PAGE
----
The funniest detail comes from the first lines of the article, in which a source reveals that director Josh Trank sent an email to the cast of the film shortly before opening day stating that Fantastic Four was “better than 99 percent of the comic-book movies ever made.” A cast member responded with the following: “I don’t think so.”
As THR goes on to note, the story might not have been so volatile had Trank let whatever behind-the-scenes drama transpired remain behind the scenes, but the tweet on August 6th stirred the pot enough to get reporters poking around for juicier details, resulting in the continued fallout.
Inside sources suggest that the original reports of “erratic behavior” actually undersold the extent of Trank’s irresponsibility, resulting in the director hiring lawyer Marty Singer to keep his name as clean as possible.
Another one of the key talking points throughout this drama-filled episode has been the idea that Trank wanted to deliver a dark, gritty, sci-fi horror film, but Fox fought him every step of the way to ensure they’d have a colorful, friendly comic book movie to attract the same crowd putting The Avengers over $1 billion at the box office.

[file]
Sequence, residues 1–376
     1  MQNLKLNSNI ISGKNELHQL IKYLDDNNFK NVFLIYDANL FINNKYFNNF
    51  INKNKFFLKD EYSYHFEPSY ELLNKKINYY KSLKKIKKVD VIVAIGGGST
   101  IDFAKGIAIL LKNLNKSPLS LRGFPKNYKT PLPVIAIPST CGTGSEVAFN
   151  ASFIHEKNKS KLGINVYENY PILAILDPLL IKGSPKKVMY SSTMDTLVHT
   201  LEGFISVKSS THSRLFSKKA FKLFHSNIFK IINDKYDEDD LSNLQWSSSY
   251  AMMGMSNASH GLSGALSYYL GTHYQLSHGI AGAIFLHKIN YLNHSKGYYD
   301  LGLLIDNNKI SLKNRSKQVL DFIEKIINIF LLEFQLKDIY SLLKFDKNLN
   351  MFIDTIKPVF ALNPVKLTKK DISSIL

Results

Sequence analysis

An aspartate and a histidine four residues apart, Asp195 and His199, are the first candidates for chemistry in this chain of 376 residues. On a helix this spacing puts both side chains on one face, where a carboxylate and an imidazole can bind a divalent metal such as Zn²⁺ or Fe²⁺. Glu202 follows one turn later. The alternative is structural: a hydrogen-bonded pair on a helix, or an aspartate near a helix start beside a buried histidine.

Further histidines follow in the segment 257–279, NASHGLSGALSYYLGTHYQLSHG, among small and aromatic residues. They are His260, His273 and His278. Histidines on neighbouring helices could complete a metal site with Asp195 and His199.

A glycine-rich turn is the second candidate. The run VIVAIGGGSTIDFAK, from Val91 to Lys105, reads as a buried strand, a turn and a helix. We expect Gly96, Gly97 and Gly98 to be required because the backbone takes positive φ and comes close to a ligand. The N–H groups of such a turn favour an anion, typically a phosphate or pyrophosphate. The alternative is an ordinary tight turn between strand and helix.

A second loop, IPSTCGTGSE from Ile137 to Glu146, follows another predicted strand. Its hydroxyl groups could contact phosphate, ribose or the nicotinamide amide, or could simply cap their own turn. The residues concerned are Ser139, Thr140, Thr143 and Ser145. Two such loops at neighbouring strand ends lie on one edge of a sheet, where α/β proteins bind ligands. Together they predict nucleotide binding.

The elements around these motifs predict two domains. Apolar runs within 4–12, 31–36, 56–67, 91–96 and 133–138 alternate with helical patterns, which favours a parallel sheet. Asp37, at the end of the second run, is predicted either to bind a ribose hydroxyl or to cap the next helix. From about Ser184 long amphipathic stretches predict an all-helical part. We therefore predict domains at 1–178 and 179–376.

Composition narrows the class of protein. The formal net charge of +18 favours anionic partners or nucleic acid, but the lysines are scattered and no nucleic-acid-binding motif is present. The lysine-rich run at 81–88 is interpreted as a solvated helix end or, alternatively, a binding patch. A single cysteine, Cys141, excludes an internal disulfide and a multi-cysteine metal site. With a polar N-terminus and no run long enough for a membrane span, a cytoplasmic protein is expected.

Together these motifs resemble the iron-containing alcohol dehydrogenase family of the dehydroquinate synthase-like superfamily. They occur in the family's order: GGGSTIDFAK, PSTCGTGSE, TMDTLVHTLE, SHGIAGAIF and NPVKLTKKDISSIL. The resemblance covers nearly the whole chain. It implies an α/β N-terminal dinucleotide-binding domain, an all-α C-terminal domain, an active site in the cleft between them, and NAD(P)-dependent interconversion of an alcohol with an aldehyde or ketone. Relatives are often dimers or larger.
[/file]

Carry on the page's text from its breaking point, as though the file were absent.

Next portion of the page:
Those close to the film say that wasn’t the case at all:
“Another source says the notion of firing Trank came up even before the cameras started to roll. But Fox put its faith in him because he had directed the studio’s 2012 found-footage hero movie Chronicle, which grossed $127 million worldwide on a $12 million budget. Based on that, insiders say Fox executives thought they had found an “in-house director,” a young talent who could become another J.J. Abrams. And the studio was trying to shake off its reputation for micromanaging filmmakers. So executives were reluctant to interfere on Fantastic Four despite warnings of trouble.”
So although it looks like both director and studio deserve blame for the final product, it doesn’t appear that Fox was interested in stifling Trank’s creative vision. The executives just didn’t know how to handle the situation, so they settled for the 9% film you can see in theaters today.